As outlined in my 2015 article entitled “No Magic = No Business Opportunity,” I define Magic as:
"that extraordinary, remarkable, sensational, fantastic and brilliant phenomenon. Every good business or business opportunity is built on its own special bit of magic. Magic is the differentiator that customers value and competitors can’t match."
I go on to identify a number of possible means to uncover your Magic: Examining the job-to-be-done, Identifying customer fear or greed, or Providing superior value. I then outline ways to defend your Magic: Obtaining Intellectual property rights, Securing a unique or limited resource, Establishing a strong customer connection, or Building structural advantages. Uncovering and defending your Magic is critical to establishing a viable business.
But, how do you ensure your business opportunity has sufficient Magic? This third criteria is something that experienced entrepreneurs, mentors and investors often have a good sense of, having seen what it takes to bring an opportunity to a successful conclusion. However, it is often difficult for a budding entrepreneur to assess, especially when examining their own opportunity.
There are four ways activities that all entrepreneurs should undertake to satisfy this third criteria:
An additional means to get a better understanding of Magic is through observing and analysing the pitches and plans of other entrepreneurs. Attending pitch competitions, getting involved with an business incubator or accelerator, and speaking with other entrepreneurs will increase your exposure.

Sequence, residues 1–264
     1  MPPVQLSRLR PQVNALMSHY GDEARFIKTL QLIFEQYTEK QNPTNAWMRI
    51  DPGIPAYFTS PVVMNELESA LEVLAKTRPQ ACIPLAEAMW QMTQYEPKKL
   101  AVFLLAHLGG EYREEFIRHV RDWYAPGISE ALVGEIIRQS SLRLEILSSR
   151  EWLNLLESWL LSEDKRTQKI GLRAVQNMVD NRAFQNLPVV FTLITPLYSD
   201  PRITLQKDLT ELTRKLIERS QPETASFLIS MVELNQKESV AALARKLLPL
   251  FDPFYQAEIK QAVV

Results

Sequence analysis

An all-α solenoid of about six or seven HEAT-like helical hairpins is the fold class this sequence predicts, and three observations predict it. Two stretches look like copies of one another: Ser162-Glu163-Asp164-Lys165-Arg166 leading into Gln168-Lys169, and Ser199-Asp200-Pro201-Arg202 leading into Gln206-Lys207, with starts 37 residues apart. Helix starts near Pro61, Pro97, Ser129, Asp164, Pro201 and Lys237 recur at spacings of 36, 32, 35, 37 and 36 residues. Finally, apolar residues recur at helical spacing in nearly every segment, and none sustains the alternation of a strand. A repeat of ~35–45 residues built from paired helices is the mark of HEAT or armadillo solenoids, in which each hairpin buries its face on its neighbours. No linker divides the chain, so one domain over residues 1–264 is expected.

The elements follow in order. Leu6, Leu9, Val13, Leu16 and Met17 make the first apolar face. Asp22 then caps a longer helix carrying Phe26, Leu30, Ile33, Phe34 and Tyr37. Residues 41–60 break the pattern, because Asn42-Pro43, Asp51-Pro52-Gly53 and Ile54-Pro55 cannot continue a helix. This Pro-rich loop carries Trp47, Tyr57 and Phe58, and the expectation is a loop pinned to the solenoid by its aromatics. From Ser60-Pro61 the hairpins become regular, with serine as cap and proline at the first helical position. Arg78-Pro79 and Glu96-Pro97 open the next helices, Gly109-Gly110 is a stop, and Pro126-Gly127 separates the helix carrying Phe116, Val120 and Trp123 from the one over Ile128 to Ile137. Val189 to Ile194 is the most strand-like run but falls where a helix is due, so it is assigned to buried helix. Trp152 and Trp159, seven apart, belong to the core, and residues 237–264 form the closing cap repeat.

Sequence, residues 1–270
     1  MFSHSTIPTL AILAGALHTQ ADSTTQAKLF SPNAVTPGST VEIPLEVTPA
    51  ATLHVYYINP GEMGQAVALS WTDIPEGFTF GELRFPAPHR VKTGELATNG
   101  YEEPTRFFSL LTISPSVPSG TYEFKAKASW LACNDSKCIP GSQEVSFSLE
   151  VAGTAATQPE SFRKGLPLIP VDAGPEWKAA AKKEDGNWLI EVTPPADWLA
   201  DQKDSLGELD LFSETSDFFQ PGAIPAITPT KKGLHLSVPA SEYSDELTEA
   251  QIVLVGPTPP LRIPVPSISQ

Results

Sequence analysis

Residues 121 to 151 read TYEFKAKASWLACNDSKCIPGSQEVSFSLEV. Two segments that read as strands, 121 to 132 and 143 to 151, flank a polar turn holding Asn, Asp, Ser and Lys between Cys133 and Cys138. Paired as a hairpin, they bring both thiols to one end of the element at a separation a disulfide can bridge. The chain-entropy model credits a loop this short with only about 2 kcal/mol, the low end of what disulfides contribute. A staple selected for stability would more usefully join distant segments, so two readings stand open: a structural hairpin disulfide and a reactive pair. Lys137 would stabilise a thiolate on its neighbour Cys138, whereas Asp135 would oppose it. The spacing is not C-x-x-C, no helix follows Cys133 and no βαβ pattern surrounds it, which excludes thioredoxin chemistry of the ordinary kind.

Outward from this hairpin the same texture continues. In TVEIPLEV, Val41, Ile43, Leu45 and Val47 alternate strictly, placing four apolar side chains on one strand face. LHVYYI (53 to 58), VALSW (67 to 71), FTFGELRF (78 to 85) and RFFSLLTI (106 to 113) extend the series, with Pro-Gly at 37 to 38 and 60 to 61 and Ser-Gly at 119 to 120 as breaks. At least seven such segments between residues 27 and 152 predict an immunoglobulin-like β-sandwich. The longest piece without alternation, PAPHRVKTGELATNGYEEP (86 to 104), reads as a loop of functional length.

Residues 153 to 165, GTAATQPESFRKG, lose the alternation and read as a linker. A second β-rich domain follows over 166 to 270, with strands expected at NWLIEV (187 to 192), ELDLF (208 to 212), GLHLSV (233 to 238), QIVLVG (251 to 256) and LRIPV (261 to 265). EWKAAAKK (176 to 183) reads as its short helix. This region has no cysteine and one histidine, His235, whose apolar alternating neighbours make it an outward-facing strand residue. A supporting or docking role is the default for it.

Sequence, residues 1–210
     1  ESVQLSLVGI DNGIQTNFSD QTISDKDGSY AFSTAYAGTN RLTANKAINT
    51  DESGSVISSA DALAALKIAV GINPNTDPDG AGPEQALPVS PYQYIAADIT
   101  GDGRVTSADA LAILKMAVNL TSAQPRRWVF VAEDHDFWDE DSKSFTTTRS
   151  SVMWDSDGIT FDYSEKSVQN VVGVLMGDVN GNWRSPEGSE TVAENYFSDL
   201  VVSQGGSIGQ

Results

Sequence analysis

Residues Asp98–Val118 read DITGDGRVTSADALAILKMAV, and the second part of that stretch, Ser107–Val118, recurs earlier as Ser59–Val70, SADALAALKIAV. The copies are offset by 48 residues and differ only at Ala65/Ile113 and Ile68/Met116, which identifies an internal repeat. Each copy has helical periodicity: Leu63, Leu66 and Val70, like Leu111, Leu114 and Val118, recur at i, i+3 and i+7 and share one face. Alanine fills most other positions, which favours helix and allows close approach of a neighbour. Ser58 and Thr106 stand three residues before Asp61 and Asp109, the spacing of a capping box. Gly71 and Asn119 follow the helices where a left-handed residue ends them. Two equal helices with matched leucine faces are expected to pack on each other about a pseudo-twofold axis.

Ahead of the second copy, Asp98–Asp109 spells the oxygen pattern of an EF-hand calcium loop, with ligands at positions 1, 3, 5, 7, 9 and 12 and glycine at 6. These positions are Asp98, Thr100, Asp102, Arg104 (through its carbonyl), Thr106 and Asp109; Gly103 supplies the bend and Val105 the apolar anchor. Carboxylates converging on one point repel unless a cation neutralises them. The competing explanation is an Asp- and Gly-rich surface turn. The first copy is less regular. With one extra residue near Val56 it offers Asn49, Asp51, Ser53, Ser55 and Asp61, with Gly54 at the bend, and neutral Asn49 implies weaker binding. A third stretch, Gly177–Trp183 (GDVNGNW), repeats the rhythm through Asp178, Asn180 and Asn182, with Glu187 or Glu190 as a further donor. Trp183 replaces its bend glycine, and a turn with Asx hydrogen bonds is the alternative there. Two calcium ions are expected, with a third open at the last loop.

As I wrote in 2015, “In order for a business to remain viable or a new business opportunity to succeed, it must serve a customer segment well and defend against competitors who wish to do likewise. This requires the business to be operating under some magical influences: a unique value proposition. When looking to innovate you need to ask yourself two questions: “What magic is my business built on?” and “Is there enough magic to succeed?” because your potential stakeholders including investors or senior management (for internal projects) will be considering them as well.”
 "One who argues against a cause or position, not as a committed opponent but simply for the sake of argument or to determine the validity of the cause or position."
 UofT’s Entrepreneurship Hatchery simulates these activities through monthly pitch events in front of a panel of experienced individuals.